I don’t know where I developed this bias, just that it’s there and that it’s not unique. I wonder how I would feel if my family member were evaluated, say, through a screen by a teleneurologist in the ER, who has the final say on whether or not to give tPA. I think I’d rather hear that they’d be evaluated by a neurologist, and that the best one available was remote. I realize also that this is irrational.
But these are small fries. There are bigger distinctions to make, and they are not semantic.
When do patients become patients, and when do they revert back to being just people? Aren’t they people all along? Is an individual with a chronic illness still a patient between care episodes? If I’m not sick, do I become a patient when I go for a physical? What about a person on the threshold of a diagnosis? A man warehoused in a nursing home for social reasons?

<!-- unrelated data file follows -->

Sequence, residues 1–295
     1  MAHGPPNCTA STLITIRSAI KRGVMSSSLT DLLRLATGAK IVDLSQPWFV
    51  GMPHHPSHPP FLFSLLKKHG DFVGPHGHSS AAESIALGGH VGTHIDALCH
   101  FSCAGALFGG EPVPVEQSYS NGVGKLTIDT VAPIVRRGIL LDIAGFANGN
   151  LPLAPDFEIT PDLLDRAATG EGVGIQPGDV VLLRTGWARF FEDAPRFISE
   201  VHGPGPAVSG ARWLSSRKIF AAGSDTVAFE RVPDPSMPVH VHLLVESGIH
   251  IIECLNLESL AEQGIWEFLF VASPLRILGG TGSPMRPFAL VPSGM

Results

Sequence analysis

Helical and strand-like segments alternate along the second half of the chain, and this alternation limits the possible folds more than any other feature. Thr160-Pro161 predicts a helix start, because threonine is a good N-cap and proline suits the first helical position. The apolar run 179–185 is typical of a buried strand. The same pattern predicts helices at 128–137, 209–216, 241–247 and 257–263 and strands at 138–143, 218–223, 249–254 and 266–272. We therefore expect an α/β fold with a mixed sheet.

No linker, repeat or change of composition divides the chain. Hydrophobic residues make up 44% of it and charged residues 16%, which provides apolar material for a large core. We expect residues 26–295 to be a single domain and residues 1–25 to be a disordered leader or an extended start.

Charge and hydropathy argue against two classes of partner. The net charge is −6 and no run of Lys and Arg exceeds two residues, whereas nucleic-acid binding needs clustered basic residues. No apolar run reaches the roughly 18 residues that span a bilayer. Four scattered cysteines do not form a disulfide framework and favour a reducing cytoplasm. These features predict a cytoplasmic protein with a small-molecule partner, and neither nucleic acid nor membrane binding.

We should erase the notion of being a patient altogether, and talk only about people. This could change how and when we engage with people – each other – and facilitate a more proactive culture of wellness. It might change ideas about responsibility for health decisions. It would absolutely change our biases about where people need to be when they’re engaged with health services.
But for that matter, what is healthcare? Is it a label for any interaction aimed at improving someone’s well-being? Is it limited to exchanges between sick people and licensed professionals? Is it the sum of services provided within the walls of the healthcare system? (And haven’t we created those ourselves by defining what insurance pays for?) What about services done in a hospital, by a provider, paid for by insurance, that aren’t necessary in the first place?
When we talk about the healthcare system, we all more or less mean the sum of experiences between patients and providers, in hospitals, clinics, or other designated settings, involving services which are intermediated by insurers. And there are some colossal problems to unpack here.